Lucky for me I already wrote my post about highlights of 2014, because on New Year’s Eve I could not find anything even Facebook likeable, because I was/am sick and I’m feeling sorry for myself. Mind you, as I also hate New Year’s Eve with a passion. Funny enough everybody seems to say they hate New Year’s. Yet most people who say they do are also people who will still find themselves last minute shopping for a new, probably sparkly outfit (what is it with sparkly outfits on New Year’s Eve??) and spending a fortune to be at some fancy party. Or they will at least find themselves in a room full of people they don’t really like, eating fondue. While I can’t even put my finger on why I dislike it so much, this year I had decided to finally be brave and officially skip it. Then I got sick and this was my perfect reason to hate it a bit more and stay at home watching Friends reruns.
But after an always overrated night, comes a highly underrated morning after and that I’m a huge fan of, at least when it comes to New Year’s. New year, new start, new life, everything new and shiny. There even seems to be a pattern to it, that the more disastrous my New Year’s Eves are, the better the January Firsts. My worst/best was a few years ago in Namibia. I went there together with my Dad and sister on a post Christmas trip from South Africa after a friend convinced me that Walvis Bay was the place to be (it’s not!) and that New Year’s Eve there would be great (it wasn’t!). Said friend had already made plans with his family, we weren’t invited, and so we asked at our guest house for other options. Party of the Portuguese community at the town hall anyone? Sure, sign us up. In the morning we quickly went to the shops for some after the party bubbles and Pringles and then we dressed up in our Walvis Bay finest.
Like all town halls do it smelled of desperate prom nights and it looked the part too: half empty tables, tea light decorations, and a cash bar that unfortunately ran out of red before ten o’clock. This wouldn’t have been so bad if we had eaten by then. But as it turns out Portuguese are not very punctual and as we were expecting some sort of Portuguese royalty from Angola nobody was allowed to eat till they had arrived. Organizers were sent to the one and only open bottle store to stock up on wine and I was beginning to really miss the Pringles we had left at the hotel.
Half an hour later a whisper went through the room, the congregation from Angola had arrived. The room filled up and we were hoping that our bellies would too in no time. When we saw the waiters coming out with the first plates, two at a time, we realized that we made a strategically error in choosing our seats – we were furthest from the kitchen. Not willing to wait for food another minute and definitely not the hour it would take them, I got up to ‘help’. I went into the kitchen, loaded three plates and to the staff’s amazement walked out, carrying all three of them. Ooohs and aaahs followed me and could I please come back to help after?! Not in a charitable mood after being left waiting and hungry for a better part of the best night of the year I politely declined.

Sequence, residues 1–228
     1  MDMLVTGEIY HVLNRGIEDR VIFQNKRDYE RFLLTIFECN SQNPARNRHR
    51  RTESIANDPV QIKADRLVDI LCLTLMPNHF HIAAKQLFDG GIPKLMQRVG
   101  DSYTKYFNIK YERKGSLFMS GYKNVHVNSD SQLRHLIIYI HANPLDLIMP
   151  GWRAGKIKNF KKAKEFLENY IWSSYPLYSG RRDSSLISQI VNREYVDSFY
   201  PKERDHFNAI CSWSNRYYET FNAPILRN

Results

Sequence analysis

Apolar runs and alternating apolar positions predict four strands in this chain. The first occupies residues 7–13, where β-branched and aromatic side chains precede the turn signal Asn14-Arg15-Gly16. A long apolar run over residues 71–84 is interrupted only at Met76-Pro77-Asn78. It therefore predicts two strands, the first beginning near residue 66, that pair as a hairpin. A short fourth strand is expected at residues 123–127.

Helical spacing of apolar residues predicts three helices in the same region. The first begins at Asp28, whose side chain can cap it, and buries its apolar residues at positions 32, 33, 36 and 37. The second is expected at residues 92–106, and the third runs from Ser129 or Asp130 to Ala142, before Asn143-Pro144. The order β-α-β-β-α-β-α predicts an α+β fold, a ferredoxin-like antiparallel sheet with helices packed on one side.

While sometimes food is worth every second you wait for it, sometimes it is…not. We quietly finished the one edible thing our previously canned veggies, shoved the tea lights into my sisters purse (after all we sort of paid for these tea lights!), and didn’t wait to hear the band’s second set.
Back at the guesthouse we discovered that the JC LeRoux we had bought was less like champagne and more like sweet carbonated wine, only drinkable when turned into mimosas, and that Pringles are really good enough to not only save the day, but an entire New Year’s Eve dinner.
The next morning we got up bright and early for our trip into the Sandwich Harbour dunes, I dare say Walvis Bay’s highlight, New Year’s or not. It’s a place where the elements meet and mingle. Peaceful and exhilarating, empty and karst yet full of life. A place to simply enjoy the views and a place to get your thrill on when you learn how to drive a rollercoaster made of sand and not get stuck.
I also learned that while ‘drama’ seems to make for the more memorable stories, no words could ever describe how happy this Krapfen* made me like this picture:
*Krapfen is a deep fried dough ball filled with jelly and covered in sugar on the outside. Traditionally eaten on New Year’s Day or during Carnival in Germany. I don’t think I have ever voluntarily eaten a Krapfen in my life before, I really don’t like them. So for this one to get me so excited, you can probably appreciate how horrible our dinner was the night before.